Dyan Harpest had to get creative when a burst pipe meant no water for 12 hours at her Coral Springs restaurant in February.
“I (opened) at 6 in the morning and my employees are telling me there’s no water,” Harpest, the owner of Dyan’s Country Kitchen, said.
To stay open Harpest bought water from a retail source and tried calling her water provider, Royal Utility.
“When I made calls they wouldn’t answer. You couldn’t even leave a message,” she said.
Harpest said there was no official notification she needed to boil water for 48 hours and neighbors say they learned of the boil water order from hand-painted signs.
About 4,500 customers in neighborhoods near University Drive all get their water from Royal Utility, which is a private company.
“We pay a lot for the water but we don’t trust the water,” a resident said. “It just doesn’t taste good.”
It’s not just service that consumers are worried about, but water quality.
“There’s been instances where we had to throw out silverware and glasses because the silverware and glasses are stained,” Keith Roberts said.
County records show that in the past five years Royal Utility has had 14 health department violations and been fined $13,000 in violations including for operational problems like a storage tank improperly connected to a drain for lime sludge.
The company was also fined for not notifying the community of high levels of trihalomethanes–or TTHMS–a contaminant that’s been linked to cancer. It’s the same violation we recently reported on in the city of Pembroke Pines water.
“Having bacteria in my water that I don’t know about is a big deal at my house,” Polly Torres said.
In March the company posted a notice saying the aging system needs major improvements. They had tried unsuccessfully to sell to the city of Coral Springs. and without that sale, the company warned it would need to file for a major rate increase.
Royal Utility owner Jock McCartney gave Local 10 News a look at his facility.
McCartney was one of the developers of the community and was forced to take over the water utility when the former owners suddenly went bankrupt, threatening his investment.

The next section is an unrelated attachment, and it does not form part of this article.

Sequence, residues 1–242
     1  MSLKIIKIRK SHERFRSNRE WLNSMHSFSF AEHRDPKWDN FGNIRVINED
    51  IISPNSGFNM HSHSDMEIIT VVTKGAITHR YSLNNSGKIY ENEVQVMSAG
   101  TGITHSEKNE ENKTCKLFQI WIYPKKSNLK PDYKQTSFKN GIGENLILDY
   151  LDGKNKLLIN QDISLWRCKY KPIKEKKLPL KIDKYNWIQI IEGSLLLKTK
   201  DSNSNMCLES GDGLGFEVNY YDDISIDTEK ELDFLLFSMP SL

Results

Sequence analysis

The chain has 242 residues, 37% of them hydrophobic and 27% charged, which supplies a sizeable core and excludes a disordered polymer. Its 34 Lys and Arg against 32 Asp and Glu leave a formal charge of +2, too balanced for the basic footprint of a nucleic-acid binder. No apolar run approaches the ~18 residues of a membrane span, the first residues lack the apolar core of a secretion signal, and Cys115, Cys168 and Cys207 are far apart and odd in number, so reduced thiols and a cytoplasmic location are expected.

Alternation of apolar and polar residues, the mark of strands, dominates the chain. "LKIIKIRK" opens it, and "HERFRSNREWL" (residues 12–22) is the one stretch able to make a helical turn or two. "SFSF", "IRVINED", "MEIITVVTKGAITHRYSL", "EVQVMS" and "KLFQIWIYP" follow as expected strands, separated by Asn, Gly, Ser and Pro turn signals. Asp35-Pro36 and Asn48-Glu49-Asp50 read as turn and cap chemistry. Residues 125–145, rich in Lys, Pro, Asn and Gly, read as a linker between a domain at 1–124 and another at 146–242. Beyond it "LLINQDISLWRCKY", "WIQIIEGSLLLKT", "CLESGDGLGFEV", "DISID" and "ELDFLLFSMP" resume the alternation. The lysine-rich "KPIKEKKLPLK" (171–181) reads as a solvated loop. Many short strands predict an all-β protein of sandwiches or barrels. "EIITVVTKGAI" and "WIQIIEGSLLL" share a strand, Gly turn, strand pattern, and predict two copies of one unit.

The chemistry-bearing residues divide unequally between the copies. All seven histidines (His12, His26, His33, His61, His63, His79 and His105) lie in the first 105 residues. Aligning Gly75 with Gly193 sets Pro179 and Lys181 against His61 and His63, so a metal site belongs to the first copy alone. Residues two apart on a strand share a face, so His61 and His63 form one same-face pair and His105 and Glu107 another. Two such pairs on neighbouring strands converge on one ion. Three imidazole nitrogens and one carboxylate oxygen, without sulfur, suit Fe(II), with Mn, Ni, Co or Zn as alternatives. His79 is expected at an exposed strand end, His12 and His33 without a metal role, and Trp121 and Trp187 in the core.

When asked if he wants to be in the water business, McCartney said he doesn’t.
“Not really,” he said. “But as long as we’re in it we’re going to be doing good quality water.”
McCartney said he takes all customer complaints seriously, but wants the city to step up with an offer to take over.
“So you are willing to negotiate?” Local 10 News reporter Amy Viteri said.
“Oh yes, we’ve never gotten to that though,” McCartney answered.
Coral Springs Vice Mayor Dan Daley said the city won’t put taxpayers on the hook.
“Man something’s not right and we’ve got to make sure we’re keeping an eye on it,” he said.
Daley said beyond any sale price, engineers have estimated millions of dollars in repairs are still lurking below ground.
“So for 20 years not only were they not making improvements but nobody was really checking in on them,” he said.
Neighbors and business owners want to know who’s going to check on them.
And the neighbors feel as if they’re caught in the middle.
“That’s correct and we’d like to see it right for them and we’d like to see it right for us,” McCarthy said.
McCarthy said they have never set a sale price, but a letter from Coral Springs city manager said Royal asked for more than $4 million to sell. The city refused based on the amount of improvements needed and said here have been no further discussions.
“We’re all wondering the next day will we have water, will this happen again,” Harpest said.
Follow this story